The Agreeable World of Wallace Arnold: I know John Patten's juicy little secret

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The Independent Online
I HAVE known and respected John Patten ever since I first bumped into him behind the gift-wrap counter at Fortnum and Mason way back in the summer of '77. Immaculately turned out, with spotless fingernails and never a hair out of place, he had already cut quite a dash in that most demanding of department stores, and was widely tipped for the plum job at Cosmetics.

Over the course of just three years with the store, he had risen through Household Oils and Assorted Pickles via Bleaches and Stains to take up his present post as Deputy Gift-wrap Supervisor. 'Patten by Name and Pattern by Nature]' he used to joke convivially to all his regular customers, before handing us back the correct change and a receipt with a ready smile.

When the safe Conservative seat of Oxford became available shortly before the 1979 general election, John realised that he was in with a strong chance: the Selection Committee had made it abundantly clear that they were looking for a clean young man with experience in gift-wrapping. Sure enough, he was chosen by a unanimous vote, and the rest, as they say, is history; or would be were it better known. Suffice it to say, John now presides over an Educational System second to none, though 28th to many (I jest]). His Departmental statistics tell their own story: more schoolchildren than ever pursuing further studies in a custodial environment, with far more pupils to teachers than ever before, saving millions of pounds for the taxpayer each year, and, finally, more and more open-air classrooms up and down the country, giving inner-city children the chance to experience the joy of fresh air for the very first time.

All of which leads us to the scrape in which John found himself earlier this week. He had been travelling, you may recall, down to the Eastleigh by-election on British Rail (dread words]) when whom should he bump into but Miss (Mss]) Mo Mowlam. Incidentally, what an absurd name that is] I would never choose to call myself Wa Arnold, and I very much doubt whether Lord Wyatt ever calls himself Wo Wyatt. But I digress. The lady in question - a self-confessed socialist - confided in John that Mr Tony Blair had complained of insufficient room in Downing Street for his wife (who once played Dandy Nichols in Coronation Street) and three children. Quite rightly, John P then made haste to the Conservative press conference and proceeded to spill the proverbial beans on Blair, to many a merry chortle from the assembled inky scriveners.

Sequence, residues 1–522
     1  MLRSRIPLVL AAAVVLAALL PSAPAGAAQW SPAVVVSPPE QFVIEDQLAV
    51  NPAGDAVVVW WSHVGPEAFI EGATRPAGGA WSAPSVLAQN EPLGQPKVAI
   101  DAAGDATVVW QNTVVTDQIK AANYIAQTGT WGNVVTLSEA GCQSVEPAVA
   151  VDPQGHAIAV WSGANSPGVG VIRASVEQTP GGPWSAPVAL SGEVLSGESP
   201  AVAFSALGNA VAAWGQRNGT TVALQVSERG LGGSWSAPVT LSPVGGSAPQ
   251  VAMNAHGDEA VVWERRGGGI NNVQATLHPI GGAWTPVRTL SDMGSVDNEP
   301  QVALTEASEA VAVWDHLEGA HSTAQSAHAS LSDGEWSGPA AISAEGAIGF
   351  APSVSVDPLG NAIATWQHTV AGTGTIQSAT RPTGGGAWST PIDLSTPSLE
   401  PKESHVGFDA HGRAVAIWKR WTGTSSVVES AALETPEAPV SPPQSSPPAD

Result: hoo-ha, with yelps galore over broken confidences. What humbug] The broken confidence has long been the bedrock of political life, and John Patten has every right to indulge in it, just as he himself would be absolutely delighted by my opening revelations concerning his forgotten years behind the counter at Fortnum's. And I know, too, that he'll thank me for divulging a marvellously juicy little secret he recently told me when we were both sweating it out, quite starkers, in a West Kensington Turkish bath the other day.

'Breathe not a word to a soul, Wallace,' he whispered as the beads of sweat played havoc with his parting, 'but I have begun to realise that I am not cut out for this job. Let's face it, I have been an unmitigated disaster ever since I became Secretary of State for Education. It doesn't need me to tell you, Wallace, that every single initiative of mine has been a dog's dinner, an utter shambles. I'm just thoroughly incompetent. Let's face it, Wallace, my smarmy clever-dick manner sets everybody's teeth on edge. If only I'd stayed at Fortnum's, I might have been Assistant Floor Manager by now, with every possibility of running the Health Food counter in the next two to three years. I've made a complete mess of my life, Wallace.'

'Not a complete mess, surely, John?' I said 'I mean, they say you're not at all bad at ludo.'

At this, the poor fellow burst into floods of tears. 'I know I can trust you not to let any of this out, Wallace,' he spluttered. 'You can trust me, John]' I assured him. Nevertheless, I remain quietly confident that he'll be the first to see the joke as he reads this over his boiled egg this merry morn, and that, before long, any talk of broken confidences will be forgotten] Pip] Pip]

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